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Back in action: High school football returns after challenging 2020

Hope is that cancellations, quarantines are just memories

42 MATTHEW SHINKLE/South Jersey Sports Weekly: Clearview’s Aiden McCullough rushes through the line of scrimmage during the team’s final drills Thursday, Aug. 26 before its game the following day at home against Cherry Hill West.

After a very limited season last year due to COVID quarantines and cancellations, the 2021 high-school football campaign is about to start and brings with it the potential for a normal slate of games.

“It just feels right again,” said Haddonfield head coach Frank DeLano. “It feels like it’s football time, and it’s not disrespecting what we were able to do last year in a world where we at least had opportunities to play, whereas some other schools or teams didn’t at all. So we didn’t take anything for granted … but we’re enjoying getting back to a more traditional season thus far.”

Preparing for last season’s regular season of high-school football was a challenge: Permitted summer workouts started much later than usual, teams weren’t able to lift together in  weight rooms leading up to the season, and a two-week quarantine was forced on all high-school sports teams before play.

In getting ready for the new season, there’s been a return to normalcy in the format of a traditional preseason and ramp up to the schedule. Plans are to allow at least 10 regular-season games for teams, a year after many were fortunate to see three or four.

Clearview head coach Steve Scanlon, now entering his fifth year at the helm for the Pioneers, could only have his team play three games last season due to five shutdowns related to COVID.

“We had seven of our eight original games cancelled last season,” he said. “You could see it all around South Jersey… It was a matter of when, not if, that it would affect your season, and then it kind of set a bomb off for the rest of your season.

“We were trying to focus on having fun when we could during the season, something that might honestly get lost during a typical football season,” Scanlon added.

The ability to more easily schedule in person rather than virtual practices with one’s own team, as well as practicing and scrimmaging with other squads in the lead-up to this year’s season, has been a benefit to participants such as head coach Mike Schatzman, who enters his fourth season at Washington Township.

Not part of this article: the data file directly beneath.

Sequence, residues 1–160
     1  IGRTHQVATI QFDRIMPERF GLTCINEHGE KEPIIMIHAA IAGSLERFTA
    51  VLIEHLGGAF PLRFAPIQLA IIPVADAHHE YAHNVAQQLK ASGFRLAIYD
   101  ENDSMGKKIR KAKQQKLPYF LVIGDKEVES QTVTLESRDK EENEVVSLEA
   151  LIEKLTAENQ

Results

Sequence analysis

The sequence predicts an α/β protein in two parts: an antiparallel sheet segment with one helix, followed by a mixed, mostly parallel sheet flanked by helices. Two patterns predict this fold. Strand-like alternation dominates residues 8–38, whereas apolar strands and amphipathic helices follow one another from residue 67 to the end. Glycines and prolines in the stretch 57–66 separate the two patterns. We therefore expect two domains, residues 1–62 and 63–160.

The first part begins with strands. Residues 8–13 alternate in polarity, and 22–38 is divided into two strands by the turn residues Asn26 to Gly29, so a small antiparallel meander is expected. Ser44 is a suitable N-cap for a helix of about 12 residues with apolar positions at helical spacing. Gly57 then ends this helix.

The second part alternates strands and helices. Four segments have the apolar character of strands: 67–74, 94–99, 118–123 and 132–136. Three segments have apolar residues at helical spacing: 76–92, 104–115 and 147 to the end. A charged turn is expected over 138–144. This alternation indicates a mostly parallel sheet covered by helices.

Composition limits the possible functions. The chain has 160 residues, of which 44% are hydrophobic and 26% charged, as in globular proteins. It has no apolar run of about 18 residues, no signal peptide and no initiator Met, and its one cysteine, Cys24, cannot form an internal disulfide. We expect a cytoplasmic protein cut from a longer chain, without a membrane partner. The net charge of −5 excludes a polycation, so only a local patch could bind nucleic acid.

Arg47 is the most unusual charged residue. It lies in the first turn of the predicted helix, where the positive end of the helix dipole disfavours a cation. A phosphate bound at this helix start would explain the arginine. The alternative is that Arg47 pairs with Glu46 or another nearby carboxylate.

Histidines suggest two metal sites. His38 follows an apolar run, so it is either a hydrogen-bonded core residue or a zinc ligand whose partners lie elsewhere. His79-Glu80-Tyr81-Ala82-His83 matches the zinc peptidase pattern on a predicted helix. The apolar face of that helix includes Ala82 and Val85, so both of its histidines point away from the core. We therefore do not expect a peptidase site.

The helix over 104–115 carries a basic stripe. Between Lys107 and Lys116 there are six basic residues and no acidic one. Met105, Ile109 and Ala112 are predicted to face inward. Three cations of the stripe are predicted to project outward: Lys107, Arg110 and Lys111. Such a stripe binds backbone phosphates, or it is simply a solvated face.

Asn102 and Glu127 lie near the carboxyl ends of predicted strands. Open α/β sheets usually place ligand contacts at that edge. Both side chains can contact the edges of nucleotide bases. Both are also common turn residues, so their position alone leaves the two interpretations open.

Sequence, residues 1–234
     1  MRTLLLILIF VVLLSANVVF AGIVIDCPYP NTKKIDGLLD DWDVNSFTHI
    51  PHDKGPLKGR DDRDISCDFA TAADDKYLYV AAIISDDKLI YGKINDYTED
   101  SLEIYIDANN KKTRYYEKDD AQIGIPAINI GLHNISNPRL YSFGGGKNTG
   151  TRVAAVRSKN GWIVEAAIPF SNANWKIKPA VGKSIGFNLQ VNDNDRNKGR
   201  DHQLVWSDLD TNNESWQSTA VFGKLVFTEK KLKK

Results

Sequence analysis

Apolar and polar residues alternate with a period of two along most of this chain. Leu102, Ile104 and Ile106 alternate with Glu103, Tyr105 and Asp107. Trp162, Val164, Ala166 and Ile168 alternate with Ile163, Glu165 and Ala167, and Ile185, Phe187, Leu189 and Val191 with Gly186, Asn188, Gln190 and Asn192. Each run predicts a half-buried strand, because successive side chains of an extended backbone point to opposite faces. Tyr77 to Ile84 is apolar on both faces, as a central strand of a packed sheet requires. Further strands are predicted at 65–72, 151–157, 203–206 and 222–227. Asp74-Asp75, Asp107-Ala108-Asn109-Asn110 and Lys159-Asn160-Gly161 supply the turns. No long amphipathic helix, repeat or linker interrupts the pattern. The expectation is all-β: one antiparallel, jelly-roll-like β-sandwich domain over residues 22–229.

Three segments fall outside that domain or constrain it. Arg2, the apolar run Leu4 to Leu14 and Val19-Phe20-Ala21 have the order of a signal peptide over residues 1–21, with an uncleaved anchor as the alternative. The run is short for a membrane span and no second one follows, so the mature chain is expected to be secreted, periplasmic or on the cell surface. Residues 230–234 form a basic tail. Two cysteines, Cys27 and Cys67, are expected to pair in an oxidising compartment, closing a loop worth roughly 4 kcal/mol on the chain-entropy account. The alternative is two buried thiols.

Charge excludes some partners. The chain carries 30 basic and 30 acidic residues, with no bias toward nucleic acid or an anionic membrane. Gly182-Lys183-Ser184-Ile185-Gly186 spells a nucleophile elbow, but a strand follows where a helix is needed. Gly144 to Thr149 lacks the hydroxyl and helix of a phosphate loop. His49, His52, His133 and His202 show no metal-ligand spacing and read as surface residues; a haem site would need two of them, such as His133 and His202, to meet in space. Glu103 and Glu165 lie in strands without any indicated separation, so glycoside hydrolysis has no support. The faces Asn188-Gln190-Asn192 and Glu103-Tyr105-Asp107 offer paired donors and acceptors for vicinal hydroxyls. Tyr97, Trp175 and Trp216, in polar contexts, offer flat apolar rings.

“It’s felt fairly normal for us up to this point, outside a few slight adjustments from the typical pre-COVID preseason,” Schatzman said. “Earlier this summer, we had the opportunity to go to Haddonfield for a joint practice, which was a great chance to get away and visit somewhere else and see somebody else in practice. That was definitely beneficial to our guys to be able to do that after what the last year-and-a-half had been like.”

For the Washington Township team — which at one point last season had 27 days between games — Schatzman said a return to normal throughout summer workouts and the preseason has certainly brought back a positive feeling that was lacking last season for all programs across the country.

“We remind all the guys that they’re getting an opportunity right now that the guys last year didn’t get,” Schatzman said. “We want them to make the most of what they can and enjoy it while they can.”

For coaches, the ability to get back to what they know works best for their programs this summer brought back a sense of stability.

“We’re creatures of habit; we like our routines,” DeLano said. “With everything that we all went through last year, there wasn’t much of it that felt real with all the obstacles you had to navigate for making a game and season happen, outside of doing it strictly from a football perspective.”

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